Making the Hall of Fame is No Easy Task

Babe Ruth, Ted Williams, Hank Aaron, Christy Mathewson, Randy Johnson. The aforementioned players are, without a shadow of a doubt, some of the greatest to ever play baseball. Along with many other all-time legends, these players managed to establish careers marked by the highest level of performance and earned their way into baseball’s Hall of Fame. Many major league baseball players long to have their names slated on a plate alongside the likes of Ty Cobb, Honus Wagner, and Nolan Ryan, or at least mentioned in the same conversation as them. However, like in every sport, earning an induction into the Hall of Fame is no easy task. Being a baseball player makes it even harder.

Baseball’s Hall of Fame is actually one of the hardest to be elected into in all of sports. As of 2016, it has inducted 312 members dating back to 1936, when the famous “First Class” was inducted. Of these 312, only 252 are players. The rest are managers, umpires, and executives. If you average that out over the eighty years the Hall of Fame has been around, each year about 3.2 players receive the privilege of getting inducted. To put that into perspective, let’s compare those numbers to that of the Pro Football Hall of Fame. As of 2015, 295 members belong in the football Hall of Fame, 294 of which played some part of their career on the field. It opened in 1963, making it 52 years old in 2015. On average, 5.7 players are inducted into the football Hall of Fame each year. That’s 2.5 more players per year on average compared to baseball.

Also, unlike in many other sports, a baseball player’s draft position is a less accurate indication of their future. Seventeen football and fourteen basketball Hall of Famers were former first overall picks in their respective first-year amateur drafts. However, in baseball, only one first overall pick has ever made it. His name is Ken Griffey, Jr., better known as “The Kid.”

Griffey Jr. had quite a career, to say the least. He led the league in home runs four times while also putting up thirty home runs in a season nine times, six of which he also drove in over 100 runs. He ranks 33rd all-time for runs scored, 13th for total bases, and (most importantly) 6th for home runs with 630. The Kid was able to put up insane numbers not only at the plate, but in the outfield as well. He racked up ten Gold-Glove awards during his career, which is 2nd most all-time for outfielders — only behind fellow Hall of Famers Roberto Clemente and Willie Mays. Many scouts and baseball executives also credit Griffey Jr. with potentially having the sweetest and purest swing in all of baseball history, which stands to reason why he was the indisputable first overall pick in 1987.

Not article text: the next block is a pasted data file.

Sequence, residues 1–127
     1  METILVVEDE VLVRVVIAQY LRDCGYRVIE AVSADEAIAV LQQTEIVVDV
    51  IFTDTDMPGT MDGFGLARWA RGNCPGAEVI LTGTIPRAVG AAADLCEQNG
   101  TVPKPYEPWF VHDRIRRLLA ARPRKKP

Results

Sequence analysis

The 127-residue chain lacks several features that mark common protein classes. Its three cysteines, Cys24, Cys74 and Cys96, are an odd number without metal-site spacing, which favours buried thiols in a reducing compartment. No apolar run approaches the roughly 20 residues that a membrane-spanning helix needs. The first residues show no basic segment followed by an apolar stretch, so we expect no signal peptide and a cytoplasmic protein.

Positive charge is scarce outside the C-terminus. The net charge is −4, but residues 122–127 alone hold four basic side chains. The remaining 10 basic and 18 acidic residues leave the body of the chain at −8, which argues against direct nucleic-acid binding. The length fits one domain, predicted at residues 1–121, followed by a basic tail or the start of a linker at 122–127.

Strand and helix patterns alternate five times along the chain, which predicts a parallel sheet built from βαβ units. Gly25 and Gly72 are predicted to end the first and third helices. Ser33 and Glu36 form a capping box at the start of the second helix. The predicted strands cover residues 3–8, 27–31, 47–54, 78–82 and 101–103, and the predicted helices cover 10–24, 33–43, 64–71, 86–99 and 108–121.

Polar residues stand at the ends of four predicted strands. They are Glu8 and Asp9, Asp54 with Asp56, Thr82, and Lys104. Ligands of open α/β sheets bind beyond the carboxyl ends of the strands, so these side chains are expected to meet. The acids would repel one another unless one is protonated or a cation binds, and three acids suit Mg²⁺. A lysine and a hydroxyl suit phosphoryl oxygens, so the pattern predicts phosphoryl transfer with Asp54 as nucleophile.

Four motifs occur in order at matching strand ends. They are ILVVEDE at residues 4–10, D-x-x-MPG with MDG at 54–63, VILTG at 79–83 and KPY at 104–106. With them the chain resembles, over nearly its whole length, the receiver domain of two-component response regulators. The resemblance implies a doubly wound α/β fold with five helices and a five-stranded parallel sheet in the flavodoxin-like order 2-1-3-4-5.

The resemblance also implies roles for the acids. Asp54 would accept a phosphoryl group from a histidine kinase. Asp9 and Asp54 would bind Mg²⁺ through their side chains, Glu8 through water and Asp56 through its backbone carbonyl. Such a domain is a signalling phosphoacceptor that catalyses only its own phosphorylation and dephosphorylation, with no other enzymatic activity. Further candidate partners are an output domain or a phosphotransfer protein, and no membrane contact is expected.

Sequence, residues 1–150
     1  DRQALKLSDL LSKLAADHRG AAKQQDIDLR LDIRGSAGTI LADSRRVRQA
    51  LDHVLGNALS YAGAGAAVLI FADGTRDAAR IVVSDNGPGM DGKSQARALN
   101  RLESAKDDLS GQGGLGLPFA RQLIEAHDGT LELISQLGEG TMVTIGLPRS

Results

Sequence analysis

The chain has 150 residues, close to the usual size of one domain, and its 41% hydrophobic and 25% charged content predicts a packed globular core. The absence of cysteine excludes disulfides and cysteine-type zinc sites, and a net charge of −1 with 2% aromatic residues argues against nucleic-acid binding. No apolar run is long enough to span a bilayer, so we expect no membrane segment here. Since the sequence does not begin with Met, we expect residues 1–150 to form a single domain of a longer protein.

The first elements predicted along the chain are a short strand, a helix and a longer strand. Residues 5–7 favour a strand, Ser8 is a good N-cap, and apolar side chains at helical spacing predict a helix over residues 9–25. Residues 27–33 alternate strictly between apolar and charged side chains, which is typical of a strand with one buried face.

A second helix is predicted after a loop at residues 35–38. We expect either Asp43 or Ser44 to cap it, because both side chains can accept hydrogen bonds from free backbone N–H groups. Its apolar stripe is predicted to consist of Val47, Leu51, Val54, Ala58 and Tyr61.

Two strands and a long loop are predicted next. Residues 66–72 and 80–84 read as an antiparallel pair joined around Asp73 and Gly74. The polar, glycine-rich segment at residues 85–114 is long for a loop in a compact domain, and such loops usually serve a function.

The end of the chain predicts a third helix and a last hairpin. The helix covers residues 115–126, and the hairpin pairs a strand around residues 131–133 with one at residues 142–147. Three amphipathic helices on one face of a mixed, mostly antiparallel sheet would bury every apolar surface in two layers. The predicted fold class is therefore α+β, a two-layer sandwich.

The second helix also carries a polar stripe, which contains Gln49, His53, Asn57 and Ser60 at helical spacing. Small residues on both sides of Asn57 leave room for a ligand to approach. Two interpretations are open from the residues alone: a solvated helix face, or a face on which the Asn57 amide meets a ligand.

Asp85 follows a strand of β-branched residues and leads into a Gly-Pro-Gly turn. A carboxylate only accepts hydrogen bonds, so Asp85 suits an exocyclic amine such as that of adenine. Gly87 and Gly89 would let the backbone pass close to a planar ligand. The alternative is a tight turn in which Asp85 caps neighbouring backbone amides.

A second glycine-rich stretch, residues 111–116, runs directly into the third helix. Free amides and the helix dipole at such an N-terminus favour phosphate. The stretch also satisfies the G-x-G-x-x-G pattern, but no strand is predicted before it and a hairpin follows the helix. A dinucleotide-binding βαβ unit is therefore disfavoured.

To top off this list of accolades, Griffey Jr’s greatest accomplishment was breaking the record for highest voting percentage for a Hall of Fame inductee. Prior to Griffey Jr., Tom Seaver held the record by receiving 98.84% of votes in his Hall of Fame election. This year, Griffey Jr. missed only three ballots out of 440 members to receive 99.32% of votes.

The process for inducting players into the Hall of Fame is quite simple. Every year the Baseball Writers Association of America (BBWAA) selects roughly 30 to 35 players that have met certain eligibility requirements to be placed on the ballot. Of these players, each member of the BBWAA (which can range from having 400 to 550 members in a given year) selects no more than 10 players to represent their “ballot.” To say that Griffey Jr. received 99.32% of votes means to say that 99.32% of BBWAA members selected him as one of their ten. A player must get 75% of votes to be elected and becomes ineligible if he receives less than 5% of votes. Each candidate can only be on the ballot for a maximum of ten years before becoming ineligible.

Although it may seem hard to believe, Griffey Jr. had to share the spotlight this year with catcher Mike Piazza. Piazza was also elected into the Hall of Fame this year after receiving 83% of ballot votes.  His career was not as spectacular as Griffey Jr.’s, but amazing nonetheless. Piazza is the all-time leader in home runs by a catcher with 427. He also is in the top ten all-time in RBI’s, runs, and All-Star game selections by a catcher.

I say that Griffey Jr. shares the spotlight with Piazza because Piazza’s journey into the Hall of Fame is quite remarkable. Piazza went undrafted out of high school and was rumored to receive little to no interest from many college baseball programs. After high school, he was still able to continue his baseball career by attending Miami-Dade Community College. After his sophomore season at Miami-Dade, Piazza was drafted in the 62nd round as the 1390th overall pick in the draft in 1988 by the Dodgers. The Dodgers, or any major league team for that matter, had no intent on drafting him until his father, Vince Piazza, asked his longtime childhood friend Tommy Lasorda to draft Mike as a favor. After overcoming all doubts, Mike Piazza set the record for the lowest overall draft pick in history to be inducted into the baseball Hall of Fame.

It’s amazing how in the same year Piazza was able to prove that starting from the bottom of the barrel doesn’t mean you can’t rise to the top and Griffey Jr. showed that it took 40 first overall picks in baseball history just to find one that was destined for glory.

Ricky Conti

Ricky '19 is a senior math and econ major on the baseball team from SoCal. He is colorblind and always gets the green and red Gatorades mixed up.

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